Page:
Although the ministry provides funding for hospitals through Local Health Integration Networks, hospitals are independent corporations run by their own boards of directors. Each hospital receives a set funding allocation, and the hospital’s administration decides how to use this funding to best suit the needs of the community it serves. This is set out under the provisions of the Public Hospitals Act and other legislation. The hospital boards are directly responsible for the day-to-day management of their hospitals, including the quality of care provided to their patients.

The hospital administration is best able to provide feedback about a patient’s treatment and its own operations.

Thank you again for writing.

Glenn Oldford
Correspondence Services
Ministry of Health and Long-Term Care

Thank you Mr. Oldford. I can see you put a lot of thought into your response and am so glad my tax dollars are being put towards the employment of such a useless position. I’m pretty sure my dog could have come up with a more creative way of saying “the Ontario Ministry of Health and Long-Term Care is a waste of tax payers money and we don’t care about critically ill children because we just hand out your money and leave it’ up to others to spend it.”

I think I will continue sending e-mails and letters each week on Christina’s behalf because there’s gotta be someone who actually cares out there…

The Timelessness Of Music

Just a quick note before I begin writing. Yesterday I decided to combine “Life and Its Challenges” with “Ruled By Paws” so you will notice some new, but old entries have appeared. When I started “Life And Its challenges” I thought it would be nice to just have a blog dedicated to my personal life and thoughts so they wouldn’t seem strange amongst all of my dog entries, but I just found it hard to keep the dogs separate at times and also didn’t find I had as much to say on a personal level. So, now you will get more of a glimpse into the lives of Huib and myself, instead of just the parts which pertain to our fur babies, as some like to call them.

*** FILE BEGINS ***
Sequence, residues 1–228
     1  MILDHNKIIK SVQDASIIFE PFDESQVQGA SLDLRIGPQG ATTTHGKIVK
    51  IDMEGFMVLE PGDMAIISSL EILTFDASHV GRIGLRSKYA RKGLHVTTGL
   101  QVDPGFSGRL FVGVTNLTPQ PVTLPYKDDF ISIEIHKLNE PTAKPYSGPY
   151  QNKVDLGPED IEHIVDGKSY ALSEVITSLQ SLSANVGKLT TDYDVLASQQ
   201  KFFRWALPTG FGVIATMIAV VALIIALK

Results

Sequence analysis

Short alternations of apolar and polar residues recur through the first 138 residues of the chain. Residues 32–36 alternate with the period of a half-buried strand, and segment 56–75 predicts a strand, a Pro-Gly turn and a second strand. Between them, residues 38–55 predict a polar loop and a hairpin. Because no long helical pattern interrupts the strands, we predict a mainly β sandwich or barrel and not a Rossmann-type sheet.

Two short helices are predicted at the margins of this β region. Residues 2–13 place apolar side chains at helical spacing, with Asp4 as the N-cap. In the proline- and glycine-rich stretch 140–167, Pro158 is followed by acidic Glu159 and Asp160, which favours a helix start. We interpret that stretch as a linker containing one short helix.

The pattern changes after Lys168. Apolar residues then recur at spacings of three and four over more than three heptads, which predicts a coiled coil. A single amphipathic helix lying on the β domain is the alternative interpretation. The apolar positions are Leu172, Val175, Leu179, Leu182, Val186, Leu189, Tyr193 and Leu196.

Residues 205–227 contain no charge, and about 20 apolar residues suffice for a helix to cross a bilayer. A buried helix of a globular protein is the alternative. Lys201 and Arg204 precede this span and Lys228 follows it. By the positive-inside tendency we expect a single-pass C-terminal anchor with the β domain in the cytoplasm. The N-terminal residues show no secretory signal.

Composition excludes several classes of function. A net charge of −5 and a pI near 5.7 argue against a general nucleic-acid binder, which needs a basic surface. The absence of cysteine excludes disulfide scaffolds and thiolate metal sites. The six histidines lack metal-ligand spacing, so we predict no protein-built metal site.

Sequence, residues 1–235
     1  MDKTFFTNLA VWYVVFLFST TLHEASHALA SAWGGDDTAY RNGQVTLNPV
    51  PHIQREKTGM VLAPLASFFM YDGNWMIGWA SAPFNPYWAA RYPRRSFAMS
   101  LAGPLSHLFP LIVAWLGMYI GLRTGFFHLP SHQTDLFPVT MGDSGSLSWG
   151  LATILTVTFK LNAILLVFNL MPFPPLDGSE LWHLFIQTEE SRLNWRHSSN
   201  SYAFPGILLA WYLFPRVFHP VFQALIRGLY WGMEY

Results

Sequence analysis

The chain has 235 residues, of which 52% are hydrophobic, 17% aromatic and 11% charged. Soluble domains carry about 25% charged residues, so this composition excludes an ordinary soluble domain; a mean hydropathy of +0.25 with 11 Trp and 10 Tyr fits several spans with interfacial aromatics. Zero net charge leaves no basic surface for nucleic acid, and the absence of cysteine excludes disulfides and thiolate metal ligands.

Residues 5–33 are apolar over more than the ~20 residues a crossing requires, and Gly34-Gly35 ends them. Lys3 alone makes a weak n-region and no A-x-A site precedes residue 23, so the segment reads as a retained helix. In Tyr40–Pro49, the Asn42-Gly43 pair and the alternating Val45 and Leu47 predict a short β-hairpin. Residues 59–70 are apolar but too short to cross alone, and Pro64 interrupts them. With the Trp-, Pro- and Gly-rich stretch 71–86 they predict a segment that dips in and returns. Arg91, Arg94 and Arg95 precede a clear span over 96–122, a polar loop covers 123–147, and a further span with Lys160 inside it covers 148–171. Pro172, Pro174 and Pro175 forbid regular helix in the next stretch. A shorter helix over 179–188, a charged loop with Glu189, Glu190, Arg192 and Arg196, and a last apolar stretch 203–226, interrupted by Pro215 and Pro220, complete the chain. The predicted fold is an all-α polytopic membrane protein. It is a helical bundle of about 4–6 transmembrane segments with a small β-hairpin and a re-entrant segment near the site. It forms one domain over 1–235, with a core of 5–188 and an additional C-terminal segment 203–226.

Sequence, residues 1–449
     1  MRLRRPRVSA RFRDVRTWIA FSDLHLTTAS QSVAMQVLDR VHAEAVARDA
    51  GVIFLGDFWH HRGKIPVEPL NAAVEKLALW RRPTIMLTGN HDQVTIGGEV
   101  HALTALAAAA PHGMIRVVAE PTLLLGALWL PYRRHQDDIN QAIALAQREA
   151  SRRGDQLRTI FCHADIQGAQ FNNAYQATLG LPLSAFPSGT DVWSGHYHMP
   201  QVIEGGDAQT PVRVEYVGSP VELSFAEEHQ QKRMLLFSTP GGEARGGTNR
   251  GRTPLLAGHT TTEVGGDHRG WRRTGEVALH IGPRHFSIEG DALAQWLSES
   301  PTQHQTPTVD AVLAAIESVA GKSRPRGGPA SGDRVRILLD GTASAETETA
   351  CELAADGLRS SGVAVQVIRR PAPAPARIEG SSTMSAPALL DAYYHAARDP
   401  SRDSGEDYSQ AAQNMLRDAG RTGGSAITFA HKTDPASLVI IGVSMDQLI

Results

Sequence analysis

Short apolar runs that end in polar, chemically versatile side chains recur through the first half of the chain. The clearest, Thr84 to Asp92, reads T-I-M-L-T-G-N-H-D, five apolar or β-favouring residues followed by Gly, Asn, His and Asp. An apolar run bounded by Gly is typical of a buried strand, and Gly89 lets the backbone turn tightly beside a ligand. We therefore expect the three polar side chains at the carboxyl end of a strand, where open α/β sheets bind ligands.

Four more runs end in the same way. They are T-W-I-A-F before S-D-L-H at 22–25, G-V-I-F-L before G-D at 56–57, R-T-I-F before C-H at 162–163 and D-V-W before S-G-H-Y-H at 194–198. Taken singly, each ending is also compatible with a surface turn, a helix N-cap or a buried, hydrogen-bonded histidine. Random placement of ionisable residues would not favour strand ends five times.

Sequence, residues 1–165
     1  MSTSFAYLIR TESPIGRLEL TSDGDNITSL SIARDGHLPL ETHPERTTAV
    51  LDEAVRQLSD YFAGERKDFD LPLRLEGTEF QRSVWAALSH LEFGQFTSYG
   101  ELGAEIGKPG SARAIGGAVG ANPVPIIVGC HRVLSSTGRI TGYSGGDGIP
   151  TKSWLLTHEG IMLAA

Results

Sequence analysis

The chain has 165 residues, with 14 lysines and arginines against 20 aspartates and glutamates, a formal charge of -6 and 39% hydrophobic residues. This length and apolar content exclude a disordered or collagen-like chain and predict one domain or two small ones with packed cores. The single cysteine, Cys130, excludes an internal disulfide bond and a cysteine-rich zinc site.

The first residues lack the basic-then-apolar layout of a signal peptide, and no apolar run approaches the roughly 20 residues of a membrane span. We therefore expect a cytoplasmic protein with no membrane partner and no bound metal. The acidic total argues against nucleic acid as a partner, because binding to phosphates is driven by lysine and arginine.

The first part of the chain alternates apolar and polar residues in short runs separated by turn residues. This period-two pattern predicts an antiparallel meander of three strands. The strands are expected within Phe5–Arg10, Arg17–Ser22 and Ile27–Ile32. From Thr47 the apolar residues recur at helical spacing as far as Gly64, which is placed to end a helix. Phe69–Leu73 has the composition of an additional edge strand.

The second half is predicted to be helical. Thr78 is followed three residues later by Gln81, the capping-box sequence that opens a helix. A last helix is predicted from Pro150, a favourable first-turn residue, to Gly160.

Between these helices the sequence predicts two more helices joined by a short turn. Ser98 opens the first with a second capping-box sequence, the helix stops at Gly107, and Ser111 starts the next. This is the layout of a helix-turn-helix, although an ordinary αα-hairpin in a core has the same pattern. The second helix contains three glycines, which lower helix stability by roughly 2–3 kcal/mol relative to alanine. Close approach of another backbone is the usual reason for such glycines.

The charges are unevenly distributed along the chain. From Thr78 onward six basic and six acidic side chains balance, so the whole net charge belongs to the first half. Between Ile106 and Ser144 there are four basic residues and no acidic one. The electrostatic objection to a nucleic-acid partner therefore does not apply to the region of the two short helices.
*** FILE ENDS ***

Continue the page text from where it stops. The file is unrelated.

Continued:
This morning I’ve been listening to the Lithium channel on Serious radio and the song “What Its Like” by Everlast got me thinking about how some songs just never lose their effectiveness.

From Googling the song I learned it was the first song Everlast did when he left House of Pain. I don’t know his previous band, but I sure do like his first solo. According to Song Facts,
“What It’s Like” is about how society is too quick to judge people. It looks at the lives of three different people and the chorus continually reminds the listener that if they knew what it was truly like then they wouldn’t be so fast to label. Even though this song was written back in 1999, the meaning behind the words still causes listeners to pause and reflect about a social issue which remains unchanged.

There are other songs which come up on the radio from time to time that get me thinking about their meanings and how even with time the message rings true.

Are there any songs out there which make you stop and think?

Canadian

On Monday, Huib and I were in Kirkland Lake so I could get blood taken in preparation for my lumbar puncture that is scheduled for a week today. The doctors still don’t know why my vision deteriorated so suddenly and then came back after a few weeks, so as a last ditch effort to figure it all out I’ve been scheduled for an LP. I haven’t had one since I was a teenager, they were terrible and the thought of having to endure one makes me cringe. But, we’ll leave that for another day and move on because I’m just not ready to talk about that. So, Huib and I were in town and decided to get a coffee at one of they’re two Tim Horton’s locations – yes, Kirkland Lake only has about 8,000 people, but has two Timmy’s! After ordering our coffees at the speaker, Huib moved up to the window and saw a sign for “Roll-Up The Rim”. “Roll-Up The Rim” is an approximately two week promotion Timmy’s runs, where people can win things just by buying a coffee, hot chocolate or tea. The promotional television ads last year for “Roll-Up the Rim” had a guy call his friend to inform them that it was time and instructed him to grab his toque (for those non-Canadians, it’s a winter hat) and jump on their moose so they could go grab their timmy’s double double. I used to laugh each time I heard the commercial and thought it was funny how they were able to incorporate several “Canadian things” without making it sound dumb.